ISRO Head Quarters

Bangalore, India

ISRO Head Quarters

Bangalore, India
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Deb S.K.,Space Applications Center | Kishtawal C.M.,Space Applications Center | Kumar P.,Space Applications Center | Kiran Kumar A.S.,ISRO Head Quarters | And 3 more authors.
Atmospheric Research | Year: 2016

The advanced Indian meteorological geostationary satellite INSAT-3D was launched on 26 July 2013 with an improved imager and an infrared sounder and is placed at 82°E over the Indian Ocean region. With the advancement in retrieval techniques of different atmospheric parameters and with improved imager data have enhanced the scope for better understanding of the different tropical atmospheric processes over this region. The retrieval techniques and accuracy of one such parameter, Atmospheric Motion Vectors (AMV) has improved significantly with the availability of improved spatial resolution data along with more options of spectral channels in the INSAT-3D imager. The present work is mainly focused on providing brief descriptions of INSAT-3D data and AMV derivation processes using these data. It also discussed the initial quality assessment of INSAT-3D AMVs for a period of six months starting from 01 February 2014 to 31 July 2014 with other independent observations: i) Meteosat-7 AMVs available over this region, ii) in-situ radiosonde wind measurements, iii) cloud tracked winds from Multi-angle Imaging Spectro-Radiometer (MISR) and iv) numerical model analysis. It is observed from this study that the qualities of newly derived INSAT-3D AMVs are comparable with existing two versions of Meteosat-7 AMVs over this region. To demonstrate its initial application, INSAT-3D AMVs are assimilated in the Weather Research and Forecasting (WRF) model and it is found that the assimilation of newly derived AMVs has helped in reduction of track forecast errors of the recent cyclonic storm NANAUK over the Arabian Sea. Though, the present study is limited to its application to one case study, however, it will provide some guidance to the operational agencies for implementation of this new AMV dataset for future applications in the Numerical Weather Prediction (NWP) over the south Asia region. © 2015 Elsevier B.V..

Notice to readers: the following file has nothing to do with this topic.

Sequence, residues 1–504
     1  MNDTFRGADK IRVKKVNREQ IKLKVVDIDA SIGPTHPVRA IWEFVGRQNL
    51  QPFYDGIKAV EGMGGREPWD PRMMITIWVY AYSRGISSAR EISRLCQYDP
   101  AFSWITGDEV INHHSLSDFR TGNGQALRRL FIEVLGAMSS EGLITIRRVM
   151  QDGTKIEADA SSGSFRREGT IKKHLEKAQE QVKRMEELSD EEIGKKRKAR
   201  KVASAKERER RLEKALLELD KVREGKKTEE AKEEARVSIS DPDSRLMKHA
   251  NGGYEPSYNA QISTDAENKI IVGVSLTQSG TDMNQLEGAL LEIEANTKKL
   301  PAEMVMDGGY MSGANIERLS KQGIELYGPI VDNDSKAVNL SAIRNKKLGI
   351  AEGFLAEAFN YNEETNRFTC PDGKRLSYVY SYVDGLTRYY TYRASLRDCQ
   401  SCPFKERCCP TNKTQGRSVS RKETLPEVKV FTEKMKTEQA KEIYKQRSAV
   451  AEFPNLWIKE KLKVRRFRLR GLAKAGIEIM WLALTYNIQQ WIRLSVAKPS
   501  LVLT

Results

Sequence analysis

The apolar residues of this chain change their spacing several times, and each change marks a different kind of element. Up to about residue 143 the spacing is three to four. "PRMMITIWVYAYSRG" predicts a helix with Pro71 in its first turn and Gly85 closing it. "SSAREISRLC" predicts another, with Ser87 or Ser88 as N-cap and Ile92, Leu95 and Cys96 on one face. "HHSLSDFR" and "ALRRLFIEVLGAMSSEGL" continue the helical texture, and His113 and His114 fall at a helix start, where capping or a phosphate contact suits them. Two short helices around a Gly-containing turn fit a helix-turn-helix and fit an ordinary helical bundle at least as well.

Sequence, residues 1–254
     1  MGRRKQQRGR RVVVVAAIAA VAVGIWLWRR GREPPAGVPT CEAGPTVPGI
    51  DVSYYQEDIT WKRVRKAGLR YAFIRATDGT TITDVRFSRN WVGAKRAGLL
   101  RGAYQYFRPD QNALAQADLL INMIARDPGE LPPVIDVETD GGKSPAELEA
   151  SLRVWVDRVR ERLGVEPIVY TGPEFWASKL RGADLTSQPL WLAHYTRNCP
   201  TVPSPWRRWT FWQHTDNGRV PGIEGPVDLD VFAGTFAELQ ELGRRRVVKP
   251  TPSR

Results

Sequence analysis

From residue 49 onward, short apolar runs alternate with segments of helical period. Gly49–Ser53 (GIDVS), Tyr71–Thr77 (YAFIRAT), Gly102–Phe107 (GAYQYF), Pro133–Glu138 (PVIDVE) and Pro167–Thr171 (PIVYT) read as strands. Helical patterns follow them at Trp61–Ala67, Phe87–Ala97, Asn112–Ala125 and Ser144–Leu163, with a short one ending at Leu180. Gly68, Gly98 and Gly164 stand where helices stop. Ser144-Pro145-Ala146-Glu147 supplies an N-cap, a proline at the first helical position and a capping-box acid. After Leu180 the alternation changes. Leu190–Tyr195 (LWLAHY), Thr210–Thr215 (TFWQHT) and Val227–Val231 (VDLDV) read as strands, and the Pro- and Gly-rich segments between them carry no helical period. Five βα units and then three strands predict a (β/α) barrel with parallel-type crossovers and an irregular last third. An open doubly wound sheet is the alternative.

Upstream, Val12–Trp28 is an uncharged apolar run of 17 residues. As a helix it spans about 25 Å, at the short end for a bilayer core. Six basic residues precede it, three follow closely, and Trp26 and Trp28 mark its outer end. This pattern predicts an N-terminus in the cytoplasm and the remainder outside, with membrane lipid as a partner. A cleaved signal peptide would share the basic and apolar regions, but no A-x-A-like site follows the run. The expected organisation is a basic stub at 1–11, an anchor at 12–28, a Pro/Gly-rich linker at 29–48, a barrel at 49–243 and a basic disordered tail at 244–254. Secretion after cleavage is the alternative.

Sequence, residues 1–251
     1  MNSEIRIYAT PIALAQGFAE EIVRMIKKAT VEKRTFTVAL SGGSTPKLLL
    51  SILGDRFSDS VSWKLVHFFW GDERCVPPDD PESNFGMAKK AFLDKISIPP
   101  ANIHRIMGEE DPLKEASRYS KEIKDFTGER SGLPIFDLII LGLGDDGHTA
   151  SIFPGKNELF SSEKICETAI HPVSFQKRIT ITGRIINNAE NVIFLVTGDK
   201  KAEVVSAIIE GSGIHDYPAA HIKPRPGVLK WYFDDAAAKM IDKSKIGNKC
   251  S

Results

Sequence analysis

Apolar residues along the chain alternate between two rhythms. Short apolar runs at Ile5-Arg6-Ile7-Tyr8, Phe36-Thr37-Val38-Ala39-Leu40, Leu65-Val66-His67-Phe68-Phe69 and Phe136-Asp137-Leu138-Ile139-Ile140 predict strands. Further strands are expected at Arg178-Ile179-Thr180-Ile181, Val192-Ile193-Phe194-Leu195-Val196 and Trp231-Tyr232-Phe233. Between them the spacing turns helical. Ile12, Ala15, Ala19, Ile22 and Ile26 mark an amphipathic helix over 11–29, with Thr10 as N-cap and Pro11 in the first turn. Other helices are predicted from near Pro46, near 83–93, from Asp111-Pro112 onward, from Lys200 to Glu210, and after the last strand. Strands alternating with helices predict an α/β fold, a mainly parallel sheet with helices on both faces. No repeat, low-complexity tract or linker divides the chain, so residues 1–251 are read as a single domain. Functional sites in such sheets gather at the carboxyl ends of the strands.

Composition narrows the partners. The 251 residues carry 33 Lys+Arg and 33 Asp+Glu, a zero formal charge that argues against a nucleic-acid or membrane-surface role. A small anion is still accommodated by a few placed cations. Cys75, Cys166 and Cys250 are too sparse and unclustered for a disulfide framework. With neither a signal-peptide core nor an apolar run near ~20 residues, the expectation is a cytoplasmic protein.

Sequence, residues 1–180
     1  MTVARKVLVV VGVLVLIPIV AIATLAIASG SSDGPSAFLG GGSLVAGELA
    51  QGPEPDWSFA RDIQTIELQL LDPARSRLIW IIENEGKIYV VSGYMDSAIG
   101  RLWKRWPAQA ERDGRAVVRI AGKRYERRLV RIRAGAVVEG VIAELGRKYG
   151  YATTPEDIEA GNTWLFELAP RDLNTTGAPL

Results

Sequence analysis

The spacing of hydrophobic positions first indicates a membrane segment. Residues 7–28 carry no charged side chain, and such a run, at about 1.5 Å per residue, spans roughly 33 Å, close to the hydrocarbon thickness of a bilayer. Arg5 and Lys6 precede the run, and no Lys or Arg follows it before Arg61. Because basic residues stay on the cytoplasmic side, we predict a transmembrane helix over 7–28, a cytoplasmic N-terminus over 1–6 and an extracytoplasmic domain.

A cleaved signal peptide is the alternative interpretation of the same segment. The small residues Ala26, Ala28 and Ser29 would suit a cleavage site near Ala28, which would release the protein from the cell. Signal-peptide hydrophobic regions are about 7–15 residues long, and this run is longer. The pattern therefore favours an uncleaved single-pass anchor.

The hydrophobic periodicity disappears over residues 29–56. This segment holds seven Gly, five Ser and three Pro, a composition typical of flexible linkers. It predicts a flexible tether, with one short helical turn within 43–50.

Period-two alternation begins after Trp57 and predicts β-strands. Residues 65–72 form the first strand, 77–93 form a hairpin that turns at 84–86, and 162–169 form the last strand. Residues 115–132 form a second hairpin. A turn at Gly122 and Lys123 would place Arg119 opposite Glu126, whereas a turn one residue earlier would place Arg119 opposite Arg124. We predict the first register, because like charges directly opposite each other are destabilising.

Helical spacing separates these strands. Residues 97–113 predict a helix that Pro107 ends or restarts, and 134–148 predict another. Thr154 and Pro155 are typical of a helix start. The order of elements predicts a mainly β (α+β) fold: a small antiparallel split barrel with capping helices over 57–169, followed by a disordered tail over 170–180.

Rao A.R.,Tata Institute of Fundamental Research | Malkar J.P.,Tata Institute of Fundamental Research | Hingar M.K.,Tata Institute of Fundamental Research | Agrawal V.K.,Tata Institute of Fundamental Research | And 17 more authors.
Astrophysical Journal | Year: 2010

We present the results of an analysis of hard X-ray observations of the C2.7 solar flare detected by the RT-2 experiment on board the Coronas-Photon satellite. We detect hard X-ray pulsations at periods of 12s and 15s. We find a marginal evidence for a decrease in period with time. We have augmented these results using the publicly available data from the RHESSI satellite. We present a spectral analysis and measure the spectral parameters. © 2010. The American Astronomical Society.

Moorthy K.K.,Vikram Sarabhai Space Center | Beegum S.N.,Vikram Sarabhai Space Center | Babu S.S.,Vikram Sarabhai Space Center | Smirnov A.,NASA | And 5 more authors.
Journal of Geophysical Research: Atmospheres | Year: 2010